Most female physicians have experienced gender discrimination in the form of lower pay or inappropriate words or actions from fellow physicians, according to a new survey by physician search firm Merritt Hawkins.
Of these female physicians, 75 percent experienced inappropriate words or actions from fellow physicians, 57 percent experienced them from managers or employers, and 56 percent have received lower compensation than their male colleagues, the survey says.
“Women are entering medicine in record numbers and are having a profound impact on the medical profession,” Travis Singleton, executive vice president of Merritt Hawkins, says in a news release distributed with the survey results. “However, despite these achievements, female physicians continue to be paid less than their male counterparts and face other forms of workplace discrimination.”
The survey results show that about 40 percent of female doctors are currently earning less than male physicians within their specialty. Of those, 73 percent said they had received a smaller base salary or production bonus than their male counterparts suggesting that the disparity in pay starts early in the female physician’s career.
About 74 percent of respondents believed that male physicians earn more even when choice of specialty and hours worked are accounted for, and 76 percent identified unconscious employer discrimination as the cause, the survey said.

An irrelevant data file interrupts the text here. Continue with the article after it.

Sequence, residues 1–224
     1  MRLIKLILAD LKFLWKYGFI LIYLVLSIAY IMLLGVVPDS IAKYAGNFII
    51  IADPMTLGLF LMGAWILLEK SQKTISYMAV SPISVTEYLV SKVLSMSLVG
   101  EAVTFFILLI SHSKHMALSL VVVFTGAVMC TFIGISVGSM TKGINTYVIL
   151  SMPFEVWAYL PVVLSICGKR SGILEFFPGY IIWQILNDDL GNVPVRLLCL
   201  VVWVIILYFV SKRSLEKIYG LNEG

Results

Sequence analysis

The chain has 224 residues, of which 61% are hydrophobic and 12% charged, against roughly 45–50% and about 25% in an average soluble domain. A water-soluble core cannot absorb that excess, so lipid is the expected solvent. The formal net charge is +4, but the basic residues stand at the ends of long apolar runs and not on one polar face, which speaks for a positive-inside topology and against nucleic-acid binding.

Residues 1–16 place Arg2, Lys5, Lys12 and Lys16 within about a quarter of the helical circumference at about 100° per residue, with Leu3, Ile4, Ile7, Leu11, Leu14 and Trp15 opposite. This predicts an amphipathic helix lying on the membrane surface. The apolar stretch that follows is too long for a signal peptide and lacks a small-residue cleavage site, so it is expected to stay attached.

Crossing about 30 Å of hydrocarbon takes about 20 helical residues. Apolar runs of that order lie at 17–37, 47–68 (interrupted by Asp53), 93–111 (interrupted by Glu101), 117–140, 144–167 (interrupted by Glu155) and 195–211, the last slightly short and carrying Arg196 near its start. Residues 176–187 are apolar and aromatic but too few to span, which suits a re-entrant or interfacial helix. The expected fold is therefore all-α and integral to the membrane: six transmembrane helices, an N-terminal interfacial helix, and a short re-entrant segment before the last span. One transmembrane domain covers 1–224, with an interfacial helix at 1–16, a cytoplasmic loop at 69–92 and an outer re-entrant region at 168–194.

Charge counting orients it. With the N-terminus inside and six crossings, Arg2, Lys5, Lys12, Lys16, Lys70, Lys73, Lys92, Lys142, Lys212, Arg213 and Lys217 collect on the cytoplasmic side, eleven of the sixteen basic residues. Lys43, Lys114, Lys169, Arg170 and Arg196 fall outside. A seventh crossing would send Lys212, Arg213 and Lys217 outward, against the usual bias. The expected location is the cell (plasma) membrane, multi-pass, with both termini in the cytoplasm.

“While employers may judge two candidates for the same job to be equally qualified, they may unconsciously imbue the male candidate with more financial value than the female candidate,” Singleton says in the release. “Even though female physicians are just as highly sought after as males, many female physicians believe their equal value is not reflected in their employment contracts.”
About 68 percent of the respondents said the second most important reason female doctors received lower pay was because they are less aggressive or adept at salary negotiation than their male peers. Other reasons identified by those surveyed include:
· Conscious employer discrimination
· Female doctors spending more time with patients than male doctors
· Female doctors are less likely to own their practice
As various surveys have indicated that female doctors have higher rates of burnout than their male peers, 73 percent of respondents to the Merritt Hawkins survey said gender discrimination has diminished their morale and career satisfaction. Also, 44 percent of respondents said that gender discrimination has led them to seek another practice setting and 32 percent said it has caused them to consider early retirement.
“Gender discrimination is more than just a challenge for individual doctors,” Singleton said. “When it diminishes the overall supply of physicians, it becomes a matter of public health.”
The full results of the survey can be found here.